That’s a fair place to begin a debate, I suppose. Who could complain about someone suggesting that statisticians are the people most likely to know what they’re talking about when it comes to statistics? But now, as then, I’m not really seeing you develop this line any further. You are making an appeal to authority, which, without further qualification is a logical fallacy. I would really like to see you deal with the substance of how Gorard has explained why he thinks statistical significance, p values, confidence intervals etc. are not appropriate in this case. He deals with it in more detail in his book Research Design (see esp. pp 55 and 179).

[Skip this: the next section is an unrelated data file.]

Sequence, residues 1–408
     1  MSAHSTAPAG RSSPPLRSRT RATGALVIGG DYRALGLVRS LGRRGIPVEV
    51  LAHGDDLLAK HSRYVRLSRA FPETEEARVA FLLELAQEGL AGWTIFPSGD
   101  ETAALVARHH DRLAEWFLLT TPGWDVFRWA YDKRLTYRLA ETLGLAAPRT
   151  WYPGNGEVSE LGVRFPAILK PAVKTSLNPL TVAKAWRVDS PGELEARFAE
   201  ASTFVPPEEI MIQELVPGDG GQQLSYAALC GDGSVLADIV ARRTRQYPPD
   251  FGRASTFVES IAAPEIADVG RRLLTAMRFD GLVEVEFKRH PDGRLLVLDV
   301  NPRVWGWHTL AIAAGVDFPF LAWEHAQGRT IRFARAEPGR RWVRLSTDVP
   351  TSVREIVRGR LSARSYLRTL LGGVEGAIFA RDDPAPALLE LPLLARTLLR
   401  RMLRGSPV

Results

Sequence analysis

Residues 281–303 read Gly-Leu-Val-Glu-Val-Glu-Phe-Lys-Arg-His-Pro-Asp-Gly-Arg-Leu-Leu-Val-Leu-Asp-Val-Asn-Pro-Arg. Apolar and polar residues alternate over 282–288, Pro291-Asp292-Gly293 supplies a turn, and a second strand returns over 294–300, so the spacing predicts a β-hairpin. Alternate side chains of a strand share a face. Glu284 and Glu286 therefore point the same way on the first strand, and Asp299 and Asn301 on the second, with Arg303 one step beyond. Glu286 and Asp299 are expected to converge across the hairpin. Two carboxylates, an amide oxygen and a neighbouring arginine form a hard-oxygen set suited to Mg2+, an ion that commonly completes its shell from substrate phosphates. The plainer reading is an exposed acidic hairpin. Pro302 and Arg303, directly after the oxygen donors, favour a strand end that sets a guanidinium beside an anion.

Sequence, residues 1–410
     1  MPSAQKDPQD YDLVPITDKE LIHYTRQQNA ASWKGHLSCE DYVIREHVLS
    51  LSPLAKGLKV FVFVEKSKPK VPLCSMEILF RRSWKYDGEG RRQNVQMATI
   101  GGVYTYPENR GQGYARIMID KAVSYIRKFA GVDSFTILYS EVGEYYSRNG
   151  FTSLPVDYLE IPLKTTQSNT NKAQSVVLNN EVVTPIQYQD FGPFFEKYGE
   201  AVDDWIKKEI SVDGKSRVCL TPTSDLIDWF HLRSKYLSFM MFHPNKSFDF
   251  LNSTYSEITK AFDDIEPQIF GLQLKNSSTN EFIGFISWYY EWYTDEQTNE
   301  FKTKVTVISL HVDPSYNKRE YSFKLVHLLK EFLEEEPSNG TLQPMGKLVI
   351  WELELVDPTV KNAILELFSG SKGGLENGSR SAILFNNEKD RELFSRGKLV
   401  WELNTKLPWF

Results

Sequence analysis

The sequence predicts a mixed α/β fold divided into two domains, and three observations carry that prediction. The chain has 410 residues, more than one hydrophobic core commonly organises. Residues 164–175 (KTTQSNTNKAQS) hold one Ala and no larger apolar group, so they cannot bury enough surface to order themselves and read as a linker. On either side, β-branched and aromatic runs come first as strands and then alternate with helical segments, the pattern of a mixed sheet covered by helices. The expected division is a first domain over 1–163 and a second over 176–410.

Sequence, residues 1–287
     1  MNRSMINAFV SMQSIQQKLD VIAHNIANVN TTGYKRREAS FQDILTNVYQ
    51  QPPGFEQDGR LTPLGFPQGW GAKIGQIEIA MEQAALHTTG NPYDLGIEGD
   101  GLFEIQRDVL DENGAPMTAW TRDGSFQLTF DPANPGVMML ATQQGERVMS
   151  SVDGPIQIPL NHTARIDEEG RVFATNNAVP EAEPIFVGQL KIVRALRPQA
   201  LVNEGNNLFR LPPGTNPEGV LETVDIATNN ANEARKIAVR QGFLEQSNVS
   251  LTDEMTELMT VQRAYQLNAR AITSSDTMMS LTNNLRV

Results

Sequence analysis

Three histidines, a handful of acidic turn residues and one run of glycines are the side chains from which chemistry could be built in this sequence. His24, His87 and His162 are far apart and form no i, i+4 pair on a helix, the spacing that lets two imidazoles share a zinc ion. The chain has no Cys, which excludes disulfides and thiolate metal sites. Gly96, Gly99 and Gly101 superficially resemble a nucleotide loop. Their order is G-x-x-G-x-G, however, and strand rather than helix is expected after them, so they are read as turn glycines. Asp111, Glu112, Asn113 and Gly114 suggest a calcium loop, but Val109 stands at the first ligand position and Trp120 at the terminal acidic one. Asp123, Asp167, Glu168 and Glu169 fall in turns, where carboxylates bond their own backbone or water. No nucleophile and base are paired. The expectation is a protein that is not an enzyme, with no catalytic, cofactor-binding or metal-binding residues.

You will of course understand why just asserting that ‘particle physicists say statistical significance is important in making claims about physical particles, so therefore educationalists are wrong to suggest it is not important for children in schools’ might not been viewed as a particularly robust basis for your position. Have I characterised your position correctly?

    I have no dog in this fight, I just want to understand the statistics better.

    • I understand what Stephen Gorard is saying, it’s not even original, it’s just a rehash of things Psychologists have been saying for years. He’s just wrong. You can look up the reasoning behind statistical significance and p values in any advanced Statistics text-book. The Statistics he’s doing is nothing special, it’s actually very basic stuff. Statistics is statistics, whether you’re doing particle Physics or educational research.